New Models and Processes Simplify Analysis and Conversion of Natural Gas

Achievement date: 

Researchers developed several new models and processes for simplifying the analysis and extraction of liquid hydrocarbons from natural gas at the Center for Innovative and Strategic Transformation of Alkane Resources (CISTAR), an NSF-funded Engineering Research Center (ERC) based at Purdue University.


The new models and processes advance a key goal of CISTAR, which is to generate simple and efficient process configurations at varying design scales from small plants at the wellhead to regional gas plants, as the nation seeks to make better use of its vast stores of natural gas.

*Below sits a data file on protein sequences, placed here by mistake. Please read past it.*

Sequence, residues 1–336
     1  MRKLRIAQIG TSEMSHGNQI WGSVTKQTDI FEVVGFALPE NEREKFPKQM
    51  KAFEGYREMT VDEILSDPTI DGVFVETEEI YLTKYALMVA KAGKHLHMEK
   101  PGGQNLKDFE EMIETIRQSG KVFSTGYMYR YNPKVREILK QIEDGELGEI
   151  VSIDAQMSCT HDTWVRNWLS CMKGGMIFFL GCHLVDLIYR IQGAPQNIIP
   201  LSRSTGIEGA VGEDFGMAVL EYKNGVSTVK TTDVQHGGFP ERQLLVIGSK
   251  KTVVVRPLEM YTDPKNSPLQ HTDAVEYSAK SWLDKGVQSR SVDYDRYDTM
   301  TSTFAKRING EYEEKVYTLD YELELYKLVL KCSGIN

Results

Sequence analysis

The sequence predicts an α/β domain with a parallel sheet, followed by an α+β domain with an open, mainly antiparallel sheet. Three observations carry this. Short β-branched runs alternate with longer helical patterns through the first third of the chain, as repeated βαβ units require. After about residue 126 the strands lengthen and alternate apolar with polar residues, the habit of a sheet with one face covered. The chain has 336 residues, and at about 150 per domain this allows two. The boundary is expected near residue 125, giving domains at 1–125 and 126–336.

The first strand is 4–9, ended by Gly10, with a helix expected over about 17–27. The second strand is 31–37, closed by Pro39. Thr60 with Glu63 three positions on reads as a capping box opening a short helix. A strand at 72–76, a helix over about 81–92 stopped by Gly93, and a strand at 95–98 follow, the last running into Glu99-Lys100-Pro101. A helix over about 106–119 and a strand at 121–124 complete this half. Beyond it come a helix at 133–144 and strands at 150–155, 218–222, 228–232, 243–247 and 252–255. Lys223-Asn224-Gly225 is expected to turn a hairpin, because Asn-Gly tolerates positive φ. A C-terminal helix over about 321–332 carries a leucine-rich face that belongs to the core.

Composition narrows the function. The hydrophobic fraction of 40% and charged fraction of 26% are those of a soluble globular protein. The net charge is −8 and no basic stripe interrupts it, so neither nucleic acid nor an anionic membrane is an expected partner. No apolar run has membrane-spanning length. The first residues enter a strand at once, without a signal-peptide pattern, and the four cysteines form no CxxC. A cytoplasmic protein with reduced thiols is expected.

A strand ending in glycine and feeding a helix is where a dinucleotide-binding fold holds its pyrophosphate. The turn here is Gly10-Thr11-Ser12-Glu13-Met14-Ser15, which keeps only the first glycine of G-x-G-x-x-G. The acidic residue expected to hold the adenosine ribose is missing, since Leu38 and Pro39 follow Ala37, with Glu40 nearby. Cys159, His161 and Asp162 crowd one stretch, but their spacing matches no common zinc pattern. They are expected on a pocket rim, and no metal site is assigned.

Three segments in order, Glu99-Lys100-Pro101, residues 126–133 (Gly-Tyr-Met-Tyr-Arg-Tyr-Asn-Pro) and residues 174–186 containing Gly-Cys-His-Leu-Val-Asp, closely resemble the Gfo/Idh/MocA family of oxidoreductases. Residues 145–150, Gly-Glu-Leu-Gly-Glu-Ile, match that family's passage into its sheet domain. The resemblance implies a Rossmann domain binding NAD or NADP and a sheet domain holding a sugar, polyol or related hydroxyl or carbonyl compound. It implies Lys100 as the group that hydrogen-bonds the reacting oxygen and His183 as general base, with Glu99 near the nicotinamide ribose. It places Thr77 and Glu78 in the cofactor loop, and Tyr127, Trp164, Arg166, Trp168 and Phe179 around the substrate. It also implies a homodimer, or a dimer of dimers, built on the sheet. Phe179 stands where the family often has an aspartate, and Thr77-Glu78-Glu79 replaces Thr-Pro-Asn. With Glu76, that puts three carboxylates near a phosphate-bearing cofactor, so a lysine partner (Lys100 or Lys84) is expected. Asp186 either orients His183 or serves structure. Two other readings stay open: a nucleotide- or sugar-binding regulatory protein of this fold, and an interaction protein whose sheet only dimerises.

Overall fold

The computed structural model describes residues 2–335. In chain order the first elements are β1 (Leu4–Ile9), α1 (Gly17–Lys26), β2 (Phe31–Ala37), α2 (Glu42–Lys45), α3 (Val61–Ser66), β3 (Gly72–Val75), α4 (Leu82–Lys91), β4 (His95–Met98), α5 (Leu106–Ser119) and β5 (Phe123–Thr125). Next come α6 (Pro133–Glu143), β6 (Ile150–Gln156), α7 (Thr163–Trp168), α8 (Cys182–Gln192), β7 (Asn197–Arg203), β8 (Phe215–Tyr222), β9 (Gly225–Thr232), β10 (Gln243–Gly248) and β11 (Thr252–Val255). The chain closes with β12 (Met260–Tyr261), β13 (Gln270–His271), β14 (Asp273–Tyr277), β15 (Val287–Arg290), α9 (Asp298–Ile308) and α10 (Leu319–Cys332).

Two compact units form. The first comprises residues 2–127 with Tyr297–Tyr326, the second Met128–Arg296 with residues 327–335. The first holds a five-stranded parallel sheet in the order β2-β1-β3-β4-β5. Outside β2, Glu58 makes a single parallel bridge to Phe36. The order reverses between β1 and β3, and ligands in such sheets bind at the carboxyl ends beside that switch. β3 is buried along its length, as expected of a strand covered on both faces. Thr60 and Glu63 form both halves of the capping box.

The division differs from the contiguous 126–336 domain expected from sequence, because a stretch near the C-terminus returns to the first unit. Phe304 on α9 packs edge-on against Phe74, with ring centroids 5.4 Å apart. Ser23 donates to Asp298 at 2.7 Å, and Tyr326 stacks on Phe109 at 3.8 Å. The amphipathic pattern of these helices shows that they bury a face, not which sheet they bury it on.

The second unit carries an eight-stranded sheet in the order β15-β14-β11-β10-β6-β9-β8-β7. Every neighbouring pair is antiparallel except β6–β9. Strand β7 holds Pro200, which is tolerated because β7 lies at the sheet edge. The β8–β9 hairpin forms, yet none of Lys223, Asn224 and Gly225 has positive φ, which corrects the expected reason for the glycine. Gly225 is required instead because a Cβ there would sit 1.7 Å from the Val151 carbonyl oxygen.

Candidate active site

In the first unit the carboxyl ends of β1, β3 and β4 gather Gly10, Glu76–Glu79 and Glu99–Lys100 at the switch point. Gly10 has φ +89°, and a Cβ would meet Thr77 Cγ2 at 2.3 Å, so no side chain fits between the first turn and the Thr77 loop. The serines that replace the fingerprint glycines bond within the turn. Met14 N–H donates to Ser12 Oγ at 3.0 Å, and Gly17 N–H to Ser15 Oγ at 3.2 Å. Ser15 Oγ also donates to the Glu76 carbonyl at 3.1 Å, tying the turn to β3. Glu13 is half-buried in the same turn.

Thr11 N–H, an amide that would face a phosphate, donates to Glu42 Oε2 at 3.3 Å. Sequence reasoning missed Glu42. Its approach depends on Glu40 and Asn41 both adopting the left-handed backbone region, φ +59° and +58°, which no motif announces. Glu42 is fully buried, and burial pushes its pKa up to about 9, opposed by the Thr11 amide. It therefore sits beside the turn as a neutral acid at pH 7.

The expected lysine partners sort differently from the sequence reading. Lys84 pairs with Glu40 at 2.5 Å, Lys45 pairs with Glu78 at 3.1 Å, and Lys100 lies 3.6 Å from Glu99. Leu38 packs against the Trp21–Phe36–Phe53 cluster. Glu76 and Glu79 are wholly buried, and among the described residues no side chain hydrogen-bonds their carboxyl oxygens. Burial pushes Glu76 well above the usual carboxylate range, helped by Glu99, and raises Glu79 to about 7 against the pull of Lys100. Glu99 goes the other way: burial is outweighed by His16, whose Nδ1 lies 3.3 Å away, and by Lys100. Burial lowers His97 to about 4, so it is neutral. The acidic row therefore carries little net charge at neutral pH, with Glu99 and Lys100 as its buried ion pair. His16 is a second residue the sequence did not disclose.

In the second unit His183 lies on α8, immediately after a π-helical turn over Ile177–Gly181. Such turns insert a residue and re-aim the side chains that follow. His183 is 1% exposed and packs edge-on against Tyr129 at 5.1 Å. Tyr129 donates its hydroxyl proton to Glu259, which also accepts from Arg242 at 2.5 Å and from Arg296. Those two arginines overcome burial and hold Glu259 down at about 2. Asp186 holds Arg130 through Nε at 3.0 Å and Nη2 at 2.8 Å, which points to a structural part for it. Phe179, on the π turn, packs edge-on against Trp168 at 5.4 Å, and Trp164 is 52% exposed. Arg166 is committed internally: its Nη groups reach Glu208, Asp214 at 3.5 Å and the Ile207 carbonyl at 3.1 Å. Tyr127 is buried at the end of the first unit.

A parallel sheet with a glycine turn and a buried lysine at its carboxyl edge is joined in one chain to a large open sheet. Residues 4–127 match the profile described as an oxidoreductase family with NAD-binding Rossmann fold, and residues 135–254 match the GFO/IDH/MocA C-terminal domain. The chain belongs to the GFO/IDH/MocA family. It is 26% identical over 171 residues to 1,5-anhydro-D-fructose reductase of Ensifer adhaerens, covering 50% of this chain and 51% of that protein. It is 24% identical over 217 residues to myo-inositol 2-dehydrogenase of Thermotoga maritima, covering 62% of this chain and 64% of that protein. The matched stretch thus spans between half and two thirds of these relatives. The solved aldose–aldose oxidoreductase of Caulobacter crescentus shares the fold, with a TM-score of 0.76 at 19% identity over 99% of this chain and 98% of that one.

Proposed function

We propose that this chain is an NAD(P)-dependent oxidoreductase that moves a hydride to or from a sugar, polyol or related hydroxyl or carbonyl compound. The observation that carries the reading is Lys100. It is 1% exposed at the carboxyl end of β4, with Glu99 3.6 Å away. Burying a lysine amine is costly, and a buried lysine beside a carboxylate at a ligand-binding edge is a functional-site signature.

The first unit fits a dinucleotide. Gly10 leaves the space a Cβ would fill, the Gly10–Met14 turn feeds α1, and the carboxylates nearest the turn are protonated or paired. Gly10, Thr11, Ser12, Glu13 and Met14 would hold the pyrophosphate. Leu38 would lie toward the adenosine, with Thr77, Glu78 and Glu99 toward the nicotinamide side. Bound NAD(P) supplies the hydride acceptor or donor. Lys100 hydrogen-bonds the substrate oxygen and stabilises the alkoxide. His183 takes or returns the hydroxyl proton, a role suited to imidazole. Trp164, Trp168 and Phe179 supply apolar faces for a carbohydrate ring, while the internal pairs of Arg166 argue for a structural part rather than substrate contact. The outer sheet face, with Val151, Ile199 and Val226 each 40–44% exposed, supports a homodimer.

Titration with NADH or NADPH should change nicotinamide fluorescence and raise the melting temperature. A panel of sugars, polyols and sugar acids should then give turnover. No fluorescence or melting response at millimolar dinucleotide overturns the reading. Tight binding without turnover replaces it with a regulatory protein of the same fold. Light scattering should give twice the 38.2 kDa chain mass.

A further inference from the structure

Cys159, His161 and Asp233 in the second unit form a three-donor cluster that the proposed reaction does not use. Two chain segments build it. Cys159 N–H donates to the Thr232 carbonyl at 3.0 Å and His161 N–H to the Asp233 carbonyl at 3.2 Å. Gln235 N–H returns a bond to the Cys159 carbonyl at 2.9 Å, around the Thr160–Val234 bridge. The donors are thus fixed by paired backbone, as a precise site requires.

Proven natural gas reserves continue to grow rapidly in the United States, rising by nearly a third in 2021 alone, through technologies including horizontal drilling and hydraulic fracking. CISTAR’s researchers aim to enable more efficient and economical conversion of natural gas to chemical feedstocks and transportation fuels.

The advances in 2021 included turboquenching, or rapid cooling with water, to improve the efficiency of converting natural gas to liquids; the use of co-produced hydrogen to reduce the external electricity needed in the conversion; as well as a new model for computing fluid dynamics in assessing the performance of new electrically heated alkane dehydrogenation reactors, a model for assessing membrane power, and a reduced-order kinetic model for quick and reliable optimization and design of oligomerization reactors.